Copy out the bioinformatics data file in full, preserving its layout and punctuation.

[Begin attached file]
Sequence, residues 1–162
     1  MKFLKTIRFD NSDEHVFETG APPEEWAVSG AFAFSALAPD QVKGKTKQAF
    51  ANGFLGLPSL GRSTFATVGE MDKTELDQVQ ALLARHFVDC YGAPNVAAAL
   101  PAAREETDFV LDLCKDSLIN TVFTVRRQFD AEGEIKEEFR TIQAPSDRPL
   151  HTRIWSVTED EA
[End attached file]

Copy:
Sequence, residues 1–162
     1  MKFLKTIRFD NSDEHVFETG APPEEWAVSG AFAFSALAPD QVKGKTKQAF
    51  ANGFLGLPSL GRSTFATVGE MDKTELDQVQ ALLARHFVDC YGAPNVAAAL
   101  PAAREETDFV LDLCKDSLIN TVFTVRRQFD AEGEIKEEFR TIQAPSDRPL
   151  HTRIWSVTED EA